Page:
The Back Room Dealers
Silly things like Commons Math. No, really, an open source
library devoted to simple numerical calculations were encouraging
backroom, off-list conversations about political strategy. So and
so doesn’t get along with so and so, and is going to veto an attempt
to add them as a committer. Some other person was asking people to
+1 a new committer so that they could gain more momentum for a
controversial change. I’m convinced that this sort of silliness
persists throughout open source. If you can avoid offlist antics,
do so.
The (Apache Way) Ambassador
If I had a nickel for each time someone said, “That isn’t the
Apache Way…” I’d be a rich man, and I’d also have a collection of
bizarre, contradictory emails. The ASF means many things to many
people. I only pay attention when someone from the Jedi council
chimes in, but even then I’ve seen “The Apache Way” used for justify
or prevent a number of things. I think I remember someone recently
saying that DVCS was not “The Apache Way” which just seems silly,
but then again I don’t buy much of the hocus pocus. To me “The
Apache Way” means “small groups of reasonable people not getting in
each other’s way, valuing action over discussion, and not getting in
the way of initiative”. Unfortuntately, I’m not sure that’s the
definition that has won out in some communities. Apache Way
Ambassadors are really just an alternative form of The Rule Maker,
except they are appealing to “fundamental rules” which are often
ill-defined. In particularly nasty email threads, “The Apache Way”
will tend to show up ala Godwin’s Rule
once someone’s made an appeal to Meritocracy, it is far to
late. (Note, you’ll still find me rolling into a conversation and
telling someone that aren’t being very “Apache”. I do this as an
outsider, and usually in response to someone devaluing initiative in
a project they’ve long abandoned.)

And, while the Politicians, Attack Dogs, and Anti-trolls were at
each other’s throats, another set of programmers was getting real work
done. I call them…

The Initiators
The initiators are the polar opposite of the politician.
Instead of wanting to engage the community with flighty rhetoric,
they would often just ignore the discussion and decide amongst
themselves. If they needed to use Maven, they would proceeed
without asking permission. They would ask each other if it made
sense and, as a smaller group, they would make the decision to
proceed. They would engage the larger community after the work had
been completed and, if anyone had an issue, they would argue on the
merits, but this kind of programmer saw no need to engage in
discussion for the sake of discussion. If “the community” didn’t
have the same ideas and they felt strongly enough, they’d maintain
an external fork or quietly develop on a branch. (Even though many
would call this sort of behavior “anti-community”, it actually turns
out that this is the silent majority of open source

A recent discussion on Jakarta reminded me of some of these old
roles, and a recent discussion with someone about the Velocity project
also reminded me of some of the “control” issues that seem to corrupt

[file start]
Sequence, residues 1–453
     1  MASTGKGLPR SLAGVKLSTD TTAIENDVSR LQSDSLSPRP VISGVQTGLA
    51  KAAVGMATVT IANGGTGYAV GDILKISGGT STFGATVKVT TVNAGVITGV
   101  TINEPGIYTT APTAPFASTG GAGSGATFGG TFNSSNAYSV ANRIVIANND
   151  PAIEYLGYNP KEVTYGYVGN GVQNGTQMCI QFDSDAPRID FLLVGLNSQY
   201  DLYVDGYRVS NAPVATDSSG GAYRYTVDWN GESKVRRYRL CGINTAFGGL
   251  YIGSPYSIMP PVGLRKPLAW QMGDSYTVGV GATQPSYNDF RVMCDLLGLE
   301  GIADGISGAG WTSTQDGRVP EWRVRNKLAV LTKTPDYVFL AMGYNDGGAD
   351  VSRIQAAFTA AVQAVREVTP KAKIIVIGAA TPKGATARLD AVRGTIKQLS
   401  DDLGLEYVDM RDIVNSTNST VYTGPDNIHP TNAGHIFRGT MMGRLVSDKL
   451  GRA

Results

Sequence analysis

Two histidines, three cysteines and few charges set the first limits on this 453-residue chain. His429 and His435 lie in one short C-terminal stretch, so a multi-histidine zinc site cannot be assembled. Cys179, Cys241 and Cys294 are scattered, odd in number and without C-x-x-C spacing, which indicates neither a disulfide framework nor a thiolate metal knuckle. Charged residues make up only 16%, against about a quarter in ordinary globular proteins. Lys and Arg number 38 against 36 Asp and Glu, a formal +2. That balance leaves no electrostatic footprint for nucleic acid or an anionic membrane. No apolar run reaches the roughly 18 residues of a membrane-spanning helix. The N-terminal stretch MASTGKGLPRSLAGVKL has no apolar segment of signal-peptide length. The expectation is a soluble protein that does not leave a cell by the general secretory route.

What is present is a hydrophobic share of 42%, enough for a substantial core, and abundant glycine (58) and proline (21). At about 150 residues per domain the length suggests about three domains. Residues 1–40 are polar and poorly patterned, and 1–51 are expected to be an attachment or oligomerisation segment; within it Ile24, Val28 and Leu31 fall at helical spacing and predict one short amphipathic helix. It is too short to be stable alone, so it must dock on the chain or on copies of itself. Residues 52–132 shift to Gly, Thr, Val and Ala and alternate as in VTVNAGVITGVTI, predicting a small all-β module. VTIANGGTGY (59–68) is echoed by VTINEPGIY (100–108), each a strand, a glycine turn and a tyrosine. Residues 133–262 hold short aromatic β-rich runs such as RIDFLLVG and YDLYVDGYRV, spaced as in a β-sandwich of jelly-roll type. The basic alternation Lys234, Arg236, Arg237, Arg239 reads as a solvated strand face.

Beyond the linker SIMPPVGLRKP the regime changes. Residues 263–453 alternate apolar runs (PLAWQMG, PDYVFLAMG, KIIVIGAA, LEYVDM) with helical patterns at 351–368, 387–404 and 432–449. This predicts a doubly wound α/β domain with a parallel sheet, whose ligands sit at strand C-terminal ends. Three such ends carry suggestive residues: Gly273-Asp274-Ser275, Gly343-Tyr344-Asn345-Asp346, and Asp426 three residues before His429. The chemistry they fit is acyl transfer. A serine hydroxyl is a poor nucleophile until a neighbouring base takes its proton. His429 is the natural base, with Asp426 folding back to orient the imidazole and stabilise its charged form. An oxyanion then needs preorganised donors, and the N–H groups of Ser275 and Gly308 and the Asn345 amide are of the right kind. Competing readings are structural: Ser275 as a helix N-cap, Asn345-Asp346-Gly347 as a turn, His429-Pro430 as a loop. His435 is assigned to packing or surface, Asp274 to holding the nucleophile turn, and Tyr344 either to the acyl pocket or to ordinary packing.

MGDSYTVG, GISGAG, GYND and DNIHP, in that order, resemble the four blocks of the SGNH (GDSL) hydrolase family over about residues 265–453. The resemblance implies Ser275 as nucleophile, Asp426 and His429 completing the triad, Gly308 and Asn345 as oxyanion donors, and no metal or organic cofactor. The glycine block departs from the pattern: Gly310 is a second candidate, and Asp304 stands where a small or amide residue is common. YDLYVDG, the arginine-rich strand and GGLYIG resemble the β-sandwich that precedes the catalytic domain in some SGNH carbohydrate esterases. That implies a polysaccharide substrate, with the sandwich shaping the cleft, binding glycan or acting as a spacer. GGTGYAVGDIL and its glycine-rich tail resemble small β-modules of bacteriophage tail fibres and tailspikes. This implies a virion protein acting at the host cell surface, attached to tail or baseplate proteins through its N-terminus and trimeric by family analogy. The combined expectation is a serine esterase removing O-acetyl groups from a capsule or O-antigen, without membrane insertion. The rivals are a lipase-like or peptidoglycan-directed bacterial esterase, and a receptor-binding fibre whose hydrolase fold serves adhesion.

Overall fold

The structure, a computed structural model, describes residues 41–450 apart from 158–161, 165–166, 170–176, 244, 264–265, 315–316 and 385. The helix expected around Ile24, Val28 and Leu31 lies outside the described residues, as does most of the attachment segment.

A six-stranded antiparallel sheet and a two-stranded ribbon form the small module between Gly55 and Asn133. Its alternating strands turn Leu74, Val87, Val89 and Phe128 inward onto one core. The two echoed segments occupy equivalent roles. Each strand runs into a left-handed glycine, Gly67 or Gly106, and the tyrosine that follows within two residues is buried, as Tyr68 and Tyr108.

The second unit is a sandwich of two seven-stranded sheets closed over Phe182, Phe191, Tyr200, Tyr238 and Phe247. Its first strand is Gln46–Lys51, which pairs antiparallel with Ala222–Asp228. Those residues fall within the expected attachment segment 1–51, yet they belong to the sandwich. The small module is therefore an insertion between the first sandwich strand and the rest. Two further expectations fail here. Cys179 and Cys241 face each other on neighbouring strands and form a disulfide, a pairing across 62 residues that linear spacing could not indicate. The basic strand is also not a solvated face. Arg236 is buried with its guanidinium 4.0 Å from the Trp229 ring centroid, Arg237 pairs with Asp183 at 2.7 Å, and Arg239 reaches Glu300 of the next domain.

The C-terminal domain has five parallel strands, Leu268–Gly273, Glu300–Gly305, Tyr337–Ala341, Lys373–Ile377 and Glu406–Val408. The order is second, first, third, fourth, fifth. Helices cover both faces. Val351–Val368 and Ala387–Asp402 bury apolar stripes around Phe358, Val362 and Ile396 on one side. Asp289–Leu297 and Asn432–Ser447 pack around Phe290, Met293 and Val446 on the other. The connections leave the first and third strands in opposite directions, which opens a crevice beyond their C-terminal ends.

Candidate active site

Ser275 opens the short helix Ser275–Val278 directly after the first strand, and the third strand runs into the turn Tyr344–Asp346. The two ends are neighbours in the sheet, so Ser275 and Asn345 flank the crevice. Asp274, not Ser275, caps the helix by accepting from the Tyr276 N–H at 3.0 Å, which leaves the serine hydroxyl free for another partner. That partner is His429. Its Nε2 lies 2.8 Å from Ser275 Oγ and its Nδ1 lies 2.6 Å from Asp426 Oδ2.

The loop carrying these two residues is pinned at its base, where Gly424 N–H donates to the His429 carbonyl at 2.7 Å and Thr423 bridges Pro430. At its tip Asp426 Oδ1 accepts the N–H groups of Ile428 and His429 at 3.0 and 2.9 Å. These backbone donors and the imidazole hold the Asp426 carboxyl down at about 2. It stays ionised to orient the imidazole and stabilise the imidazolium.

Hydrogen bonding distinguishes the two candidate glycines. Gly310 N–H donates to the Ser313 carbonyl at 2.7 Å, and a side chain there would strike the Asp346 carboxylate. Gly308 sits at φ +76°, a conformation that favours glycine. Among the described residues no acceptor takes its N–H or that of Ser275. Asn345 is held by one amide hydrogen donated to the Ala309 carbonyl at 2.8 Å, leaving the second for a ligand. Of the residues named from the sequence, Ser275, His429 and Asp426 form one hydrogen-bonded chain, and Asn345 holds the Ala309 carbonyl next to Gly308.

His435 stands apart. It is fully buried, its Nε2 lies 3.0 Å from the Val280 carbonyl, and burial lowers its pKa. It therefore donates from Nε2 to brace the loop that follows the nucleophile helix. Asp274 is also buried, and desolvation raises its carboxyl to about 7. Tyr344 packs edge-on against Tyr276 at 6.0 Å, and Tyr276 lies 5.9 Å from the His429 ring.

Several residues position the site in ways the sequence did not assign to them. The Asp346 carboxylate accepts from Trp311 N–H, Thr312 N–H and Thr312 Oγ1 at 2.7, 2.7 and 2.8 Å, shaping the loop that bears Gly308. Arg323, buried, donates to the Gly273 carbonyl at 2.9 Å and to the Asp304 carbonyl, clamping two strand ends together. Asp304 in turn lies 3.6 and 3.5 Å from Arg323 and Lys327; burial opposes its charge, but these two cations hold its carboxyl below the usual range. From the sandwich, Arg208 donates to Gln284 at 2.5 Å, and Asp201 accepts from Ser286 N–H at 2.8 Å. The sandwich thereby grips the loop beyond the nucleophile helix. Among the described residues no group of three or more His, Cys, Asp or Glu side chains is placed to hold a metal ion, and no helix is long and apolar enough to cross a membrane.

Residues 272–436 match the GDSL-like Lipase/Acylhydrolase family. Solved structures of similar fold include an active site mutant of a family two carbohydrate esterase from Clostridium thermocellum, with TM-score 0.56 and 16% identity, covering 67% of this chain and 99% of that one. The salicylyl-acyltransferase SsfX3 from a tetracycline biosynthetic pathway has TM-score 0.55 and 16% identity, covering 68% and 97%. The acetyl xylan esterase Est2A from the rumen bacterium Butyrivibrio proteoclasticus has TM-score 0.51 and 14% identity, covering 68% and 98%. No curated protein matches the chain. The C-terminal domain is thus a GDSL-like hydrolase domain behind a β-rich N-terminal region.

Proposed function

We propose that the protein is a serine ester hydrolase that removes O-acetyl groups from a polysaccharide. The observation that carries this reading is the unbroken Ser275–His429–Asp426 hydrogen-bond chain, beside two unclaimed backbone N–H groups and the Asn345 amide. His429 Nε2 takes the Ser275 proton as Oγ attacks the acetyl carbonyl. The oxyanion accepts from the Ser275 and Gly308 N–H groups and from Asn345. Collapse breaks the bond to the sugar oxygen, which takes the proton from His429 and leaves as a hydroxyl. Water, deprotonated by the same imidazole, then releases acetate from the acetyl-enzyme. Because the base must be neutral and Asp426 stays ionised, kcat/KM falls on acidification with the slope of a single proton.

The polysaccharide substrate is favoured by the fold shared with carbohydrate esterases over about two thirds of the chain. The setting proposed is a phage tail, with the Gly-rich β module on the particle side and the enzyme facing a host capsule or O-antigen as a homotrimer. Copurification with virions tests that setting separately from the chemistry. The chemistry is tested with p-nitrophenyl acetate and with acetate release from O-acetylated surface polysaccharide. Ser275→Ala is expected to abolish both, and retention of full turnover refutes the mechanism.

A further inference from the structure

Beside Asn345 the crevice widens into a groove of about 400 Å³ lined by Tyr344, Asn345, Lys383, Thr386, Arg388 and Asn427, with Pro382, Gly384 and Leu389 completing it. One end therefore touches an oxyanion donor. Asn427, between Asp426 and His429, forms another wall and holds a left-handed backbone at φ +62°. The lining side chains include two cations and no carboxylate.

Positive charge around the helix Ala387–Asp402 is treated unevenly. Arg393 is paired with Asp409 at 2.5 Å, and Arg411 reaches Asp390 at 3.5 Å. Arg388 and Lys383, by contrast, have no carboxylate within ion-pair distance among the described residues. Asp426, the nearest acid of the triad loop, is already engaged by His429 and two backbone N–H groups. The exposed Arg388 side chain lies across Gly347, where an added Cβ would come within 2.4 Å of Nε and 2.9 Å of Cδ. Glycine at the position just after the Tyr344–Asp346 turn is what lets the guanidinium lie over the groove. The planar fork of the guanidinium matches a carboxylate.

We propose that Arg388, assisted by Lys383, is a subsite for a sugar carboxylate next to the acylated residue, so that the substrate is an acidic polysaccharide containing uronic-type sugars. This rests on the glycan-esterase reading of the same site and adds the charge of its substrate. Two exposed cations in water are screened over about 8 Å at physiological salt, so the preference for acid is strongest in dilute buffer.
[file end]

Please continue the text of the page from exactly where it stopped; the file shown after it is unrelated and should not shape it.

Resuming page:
the process at Apache. Don’t get me wrong, these roles are not unique
to Apache, open source attracts a “special” mix of personalities. I’m
generally positive about the ASF, I think that people do great work
there, and I’m happy when I see a company like Google or
Facebook decide that the ASF is a good platform for open source
projects. That being said, I have decided to contribute in my own way
from outside of the formal structure of the Foundation (I’ll save that
for another post, I think the structure of the place has a corrupting

If you find yourself working in an open source project that has
grown rapidly, there’s a good chance that you’ll notice the emergence
of some of these same archetypes. If you find yourself spending more
time dealing with community issues than dealing with code, you might
want to think about proposing a peaceful breakup to reduce the
organizational tendency toward procedure once communities scale. If
you find yourself participating in longish email threads with a larger
population of observers than participants, it is time to start
focusing. If you want your community or project to succeed, start
encouraging both new and existing developers to be Initiators.

Rails v. Liquibase: Creating Tables in Liquibase (Part 6)

Creating a table with Liquibase is straightforward. Unlike Rails, there’s no choice that has to be made about whether your database migration (or “change set” in Liquibase) is connected to a model object. It isn’t. Liquibase isn’t concerned with your application, as it only does one thing: it manages database changes. When compared to Rails it also makes fewer assumptions (if any) about table names and relationships. In this post, I’m going to introduce some very basic change sets to create tables. One change set will use the Liquibase createTable element and the other will demonstrate how to do the same thing with raw SQL.

Compare the Liquibase change sets with the Rails migrations from yesterday’s post covering the same topic from a Rails Migrations perspective.

Creating a New Table with Liquibase